The Bangladeshi government has ordered the partial shut-down of natural gas stations in and around the capital to counter a growing power crisis.
Filling stations in and around Dhaka will be closed for six hours a day from 16 August for about a month.
Bangladesh has been experiencing a power crisis that has affected households and businesses for the last few years.
Recently, authorities have announced various measures to tackle the crisis.
Earlier this year they ordered air conditioners to be switched off for five hours a day.
The gas filling stations supply to vehicles driven by compressed natural gas, and the government hopes that the gas saved will be used to increase electricity production in gas-fired power plants.
But it is not clear whether the move will help to address the country's worsening energy crisis, since it faces a daily shortfall of around 2,000 megawatts of electricity - or about one-third of its total requirement.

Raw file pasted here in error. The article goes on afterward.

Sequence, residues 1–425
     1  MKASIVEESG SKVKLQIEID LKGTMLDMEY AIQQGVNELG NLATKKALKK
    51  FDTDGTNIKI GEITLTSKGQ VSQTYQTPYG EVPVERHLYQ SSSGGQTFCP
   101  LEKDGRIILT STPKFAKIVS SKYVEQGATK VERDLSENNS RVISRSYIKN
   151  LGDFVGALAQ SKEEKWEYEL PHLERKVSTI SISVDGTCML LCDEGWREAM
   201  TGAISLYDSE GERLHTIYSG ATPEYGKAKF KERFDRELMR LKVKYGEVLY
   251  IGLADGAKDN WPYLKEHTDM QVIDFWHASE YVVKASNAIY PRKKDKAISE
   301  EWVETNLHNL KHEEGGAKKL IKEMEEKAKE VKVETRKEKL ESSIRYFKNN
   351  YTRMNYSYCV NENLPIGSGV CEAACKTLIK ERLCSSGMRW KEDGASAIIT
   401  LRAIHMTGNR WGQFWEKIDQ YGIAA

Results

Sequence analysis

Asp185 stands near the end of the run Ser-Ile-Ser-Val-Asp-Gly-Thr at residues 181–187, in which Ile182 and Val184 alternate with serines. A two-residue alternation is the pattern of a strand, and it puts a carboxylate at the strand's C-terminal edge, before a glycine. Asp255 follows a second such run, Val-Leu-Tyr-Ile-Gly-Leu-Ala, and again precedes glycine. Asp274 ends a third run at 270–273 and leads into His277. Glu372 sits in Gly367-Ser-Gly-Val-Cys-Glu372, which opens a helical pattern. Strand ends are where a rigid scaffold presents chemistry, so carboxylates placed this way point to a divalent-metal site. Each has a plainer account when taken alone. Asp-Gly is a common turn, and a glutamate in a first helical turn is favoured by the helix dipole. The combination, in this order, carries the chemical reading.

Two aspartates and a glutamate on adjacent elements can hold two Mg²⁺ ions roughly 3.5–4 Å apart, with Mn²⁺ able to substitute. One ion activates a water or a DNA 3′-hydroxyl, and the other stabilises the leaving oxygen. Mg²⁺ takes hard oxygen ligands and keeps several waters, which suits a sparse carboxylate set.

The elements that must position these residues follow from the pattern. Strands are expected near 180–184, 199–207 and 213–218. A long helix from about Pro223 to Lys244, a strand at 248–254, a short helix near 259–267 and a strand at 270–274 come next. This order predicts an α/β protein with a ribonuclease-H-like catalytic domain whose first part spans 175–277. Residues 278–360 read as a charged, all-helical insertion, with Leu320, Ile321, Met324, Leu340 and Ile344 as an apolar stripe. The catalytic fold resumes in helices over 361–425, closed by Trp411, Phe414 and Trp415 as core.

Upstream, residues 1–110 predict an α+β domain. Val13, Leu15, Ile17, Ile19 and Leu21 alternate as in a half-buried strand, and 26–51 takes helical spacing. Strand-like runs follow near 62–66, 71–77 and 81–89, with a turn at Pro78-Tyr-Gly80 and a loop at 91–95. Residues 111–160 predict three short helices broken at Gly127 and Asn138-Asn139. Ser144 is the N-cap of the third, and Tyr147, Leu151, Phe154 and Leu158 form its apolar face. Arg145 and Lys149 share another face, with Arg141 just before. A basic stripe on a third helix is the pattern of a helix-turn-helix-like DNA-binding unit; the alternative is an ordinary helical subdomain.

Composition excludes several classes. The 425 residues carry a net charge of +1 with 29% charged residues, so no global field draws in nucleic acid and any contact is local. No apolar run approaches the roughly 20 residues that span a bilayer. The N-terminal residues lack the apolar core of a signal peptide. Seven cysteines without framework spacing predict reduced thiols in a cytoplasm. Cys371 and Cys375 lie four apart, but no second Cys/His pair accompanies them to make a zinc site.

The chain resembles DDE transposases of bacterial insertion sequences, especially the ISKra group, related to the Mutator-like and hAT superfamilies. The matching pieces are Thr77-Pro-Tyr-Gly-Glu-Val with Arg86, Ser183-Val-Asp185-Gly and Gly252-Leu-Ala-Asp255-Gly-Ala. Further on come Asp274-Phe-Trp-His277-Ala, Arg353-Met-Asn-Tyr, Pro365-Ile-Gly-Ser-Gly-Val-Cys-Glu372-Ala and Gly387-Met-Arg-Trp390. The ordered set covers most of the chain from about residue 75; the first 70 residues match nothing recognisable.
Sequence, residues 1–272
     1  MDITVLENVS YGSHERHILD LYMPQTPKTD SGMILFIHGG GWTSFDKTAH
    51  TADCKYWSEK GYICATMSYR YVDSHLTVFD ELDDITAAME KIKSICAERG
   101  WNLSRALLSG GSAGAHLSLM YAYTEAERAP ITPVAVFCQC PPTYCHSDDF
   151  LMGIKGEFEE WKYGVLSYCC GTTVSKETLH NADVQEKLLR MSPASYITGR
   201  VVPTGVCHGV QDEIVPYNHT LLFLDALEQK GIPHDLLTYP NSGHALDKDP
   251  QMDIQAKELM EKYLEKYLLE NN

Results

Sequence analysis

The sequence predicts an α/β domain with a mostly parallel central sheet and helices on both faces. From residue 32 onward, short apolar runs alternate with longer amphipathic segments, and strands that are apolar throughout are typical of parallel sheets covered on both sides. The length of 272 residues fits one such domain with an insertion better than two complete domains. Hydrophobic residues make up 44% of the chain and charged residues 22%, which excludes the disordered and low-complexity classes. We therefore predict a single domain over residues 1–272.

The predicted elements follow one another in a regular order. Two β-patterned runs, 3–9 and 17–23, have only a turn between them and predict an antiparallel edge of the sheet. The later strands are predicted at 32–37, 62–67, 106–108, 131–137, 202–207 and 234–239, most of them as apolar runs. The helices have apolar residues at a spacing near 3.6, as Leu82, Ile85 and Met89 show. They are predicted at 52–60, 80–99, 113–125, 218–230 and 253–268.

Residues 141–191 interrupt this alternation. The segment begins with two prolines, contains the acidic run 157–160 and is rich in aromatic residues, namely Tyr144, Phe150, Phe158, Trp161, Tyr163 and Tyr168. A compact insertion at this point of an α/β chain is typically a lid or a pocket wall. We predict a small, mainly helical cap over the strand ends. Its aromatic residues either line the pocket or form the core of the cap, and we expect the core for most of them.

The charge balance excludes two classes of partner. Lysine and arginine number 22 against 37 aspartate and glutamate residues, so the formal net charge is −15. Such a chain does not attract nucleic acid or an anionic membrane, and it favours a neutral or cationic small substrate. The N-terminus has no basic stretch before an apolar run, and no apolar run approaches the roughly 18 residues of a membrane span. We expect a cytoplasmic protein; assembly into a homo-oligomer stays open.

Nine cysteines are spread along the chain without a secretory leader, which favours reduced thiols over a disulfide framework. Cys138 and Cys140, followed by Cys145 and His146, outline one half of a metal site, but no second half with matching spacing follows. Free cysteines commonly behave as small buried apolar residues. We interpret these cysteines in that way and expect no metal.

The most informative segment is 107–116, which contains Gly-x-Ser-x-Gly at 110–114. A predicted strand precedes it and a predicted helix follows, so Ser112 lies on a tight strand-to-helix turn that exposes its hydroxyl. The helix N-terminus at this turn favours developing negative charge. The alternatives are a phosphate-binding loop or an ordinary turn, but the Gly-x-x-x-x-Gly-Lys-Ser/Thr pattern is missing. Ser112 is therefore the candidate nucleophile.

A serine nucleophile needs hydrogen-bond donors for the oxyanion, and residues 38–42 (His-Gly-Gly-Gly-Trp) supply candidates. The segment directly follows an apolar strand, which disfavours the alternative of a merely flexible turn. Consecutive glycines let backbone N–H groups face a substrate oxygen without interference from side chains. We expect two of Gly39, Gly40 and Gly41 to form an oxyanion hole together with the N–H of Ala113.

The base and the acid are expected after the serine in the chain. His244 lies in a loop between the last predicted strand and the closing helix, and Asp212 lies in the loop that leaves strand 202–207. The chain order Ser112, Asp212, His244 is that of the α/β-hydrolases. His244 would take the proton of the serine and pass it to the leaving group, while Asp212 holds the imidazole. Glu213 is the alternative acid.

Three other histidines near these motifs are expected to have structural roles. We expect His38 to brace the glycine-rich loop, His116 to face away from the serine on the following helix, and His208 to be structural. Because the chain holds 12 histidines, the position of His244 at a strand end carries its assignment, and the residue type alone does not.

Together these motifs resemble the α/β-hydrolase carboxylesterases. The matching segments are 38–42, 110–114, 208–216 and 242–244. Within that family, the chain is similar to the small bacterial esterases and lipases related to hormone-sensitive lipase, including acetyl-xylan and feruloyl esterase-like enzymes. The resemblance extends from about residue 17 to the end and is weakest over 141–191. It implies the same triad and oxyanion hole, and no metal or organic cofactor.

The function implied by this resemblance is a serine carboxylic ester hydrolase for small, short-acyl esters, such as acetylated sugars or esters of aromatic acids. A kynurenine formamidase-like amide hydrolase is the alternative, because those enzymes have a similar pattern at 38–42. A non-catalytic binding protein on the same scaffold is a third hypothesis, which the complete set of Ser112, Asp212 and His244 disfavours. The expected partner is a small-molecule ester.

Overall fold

In recent days, people angry at the power cuts have blocked roads and ransacked local electricity offices.
The authorities are keen to maintain uninterrupted electricity supplies during the Muslim holy month of Ramadan to avoid any further protests.
The government has also decided to shut all schools, madrassas and colleges for a month to ease traffic congestion during Ramadan.
Officials insist that they have taken steps to ease the power crisis in the long-term, but for now, their options seem to be limited.
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